RECAP: Global China Connections Hosts Conversation On US-China Trade Policies


Amy Zhang

On November 4, Vanderbilt Global China Connections hosted a conversation on China trade policy, featuring Claude Barfield, a former consultant to the office of the US Trade Representative, and Timothy Meyer, a professor of law at Vanderbilt and an expert in international law. 

The conversation centered on the US-China trade war and included discussions on President Donald Trump’s trade policy towards China, the effectiveness of tariffs, the role played by the World Trade Organisation, as well as cyber-espionage and Huawei’s current monopoly of 5G technology.  

Both Barfield and Meyer believe that Trump’s tariff strategy towards China was not as productive as he had hoped. Meyer expressed that the relationship between economic conditions and political life is not the same in China as it is in the United States, since its government officials do not stand for election every few years. This offers China more capacity to withstand the economic pressures applied through trade sanctions. 

Meyer was also skeptical that linking US trade policy to human rights and environmental provisions, as advocated by Senator Elizabeth Warren, will work with China. He stated that since the negotiation of the North American Free Trade Agreement, the US has only managed to hold a weak conditionality on its trading relationships with labor and environmental standards. Barfield added that the Trump administration has for the first time, placed restrictions on Chinese companies that are conducting activities with suspected links to human rights violence. He speculated that the Trump administration did not think through the implications of this policy; Barfield emphasized that it is difficult to apply human rights judgements to countries with differing political perspectives and histories. 

Next, Meyer spoke about the role played by international actors such as the World Trade Organization (WTO). He stated that the Trump administration has not only declared a trade war on China but also on the WTO by freezing its dispute settlement system. While the system has proven to be an effective international tribunal system, the US “destroyed it” by blocking the appointment of judges. This makes it difficult for the US to establish new case law and win cases against China, as the judges are not allowed to hear cases.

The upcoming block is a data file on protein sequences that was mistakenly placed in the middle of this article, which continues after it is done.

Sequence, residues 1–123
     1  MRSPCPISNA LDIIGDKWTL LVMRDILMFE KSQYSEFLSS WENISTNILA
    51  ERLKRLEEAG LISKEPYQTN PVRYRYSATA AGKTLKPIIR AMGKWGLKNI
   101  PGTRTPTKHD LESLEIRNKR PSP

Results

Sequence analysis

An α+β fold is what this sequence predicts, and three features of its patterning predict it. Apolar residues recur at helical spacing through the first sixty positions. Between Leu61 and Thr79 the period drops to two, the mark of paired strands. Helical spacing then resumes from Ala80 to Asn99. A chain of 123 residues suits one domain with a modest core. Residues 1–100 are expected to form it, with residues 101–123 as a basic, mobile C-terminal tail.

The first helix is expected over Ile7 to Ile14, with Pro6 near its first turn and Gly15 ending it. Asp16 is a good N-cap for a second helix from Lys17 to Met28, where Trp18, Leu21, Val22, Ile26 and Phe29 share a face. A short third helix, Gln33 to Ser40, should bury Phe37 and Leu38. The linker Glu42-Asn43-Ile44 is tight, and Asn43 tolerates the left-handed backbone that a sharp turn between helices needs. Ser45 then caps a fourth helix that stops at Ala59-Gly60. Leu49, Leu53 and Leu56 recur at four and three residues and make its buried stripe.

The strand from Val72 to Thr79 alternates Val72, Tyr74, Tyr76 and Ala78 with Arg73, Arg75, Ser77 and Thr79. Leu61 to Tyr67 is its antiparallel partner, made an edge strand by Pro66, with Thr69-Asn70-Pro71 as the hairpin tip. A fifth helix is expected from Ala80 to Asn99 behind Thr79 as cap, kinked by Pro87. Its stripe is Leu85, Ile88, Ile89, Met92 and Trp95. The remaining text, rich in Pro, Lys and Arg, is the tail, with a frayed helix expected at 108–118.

Meyer further believes that European countries are key to dealing with China both on a trilateral basis, as well as within the WTO because they have the potential to fuel modernization of the organization. However, Meyer asserted that the European Union was very slow to realize the seriousness of shifts in US trade policy. He elaborated that while it is broadly true that Republicans have leaned toward free trade while Democrats have shied away from it, Trump has brought in the same type of people to run economic policies as one would see in a Democratic administration, deviating from this pattern. 

On the issue of intellectual property law, Barfield explained that in 2015, China’s President Xi promised President Obama that China would not give secrets discovered through security espionage to Chinese companies. According to Barfield, this promise played out to be a “fat lie.” He suggested that the US should follow a policy of reciprocity towards Chinese companies, such that if Amazon and Facebook cannot be part of the Chinese internet, Alibaba and Tencent should not be part of the US internet. 

Barfield also praised Chinese tech company Huawei for its international development. He explained that although Huawei was accused of intellectual property theft, the company has learned its lesson. They increased their spending on research and development and built up a portfolio of patents. Huawei is now the dominant player for base technology related to 5G. Barfield stated that this is a dilemma for the United States because the technology presents a potential strategic threat to US national security. It also poses a challenge for Europeans, who may now need to rip out the billions of dollars invested in Huawei’s 4G technology and move to 5G. 

To conclude the conversation, Meyer and Barfield spoke about the current political situation from a broader perspective. They agreed that China is a very patient negotiator while President Trump is not. Hence, China has made the calculation that it can afford to wait and see what happens. If the US enters into an impeachment process, it is unclear whether the administration will have the capacity or interest to do anything about the trade war.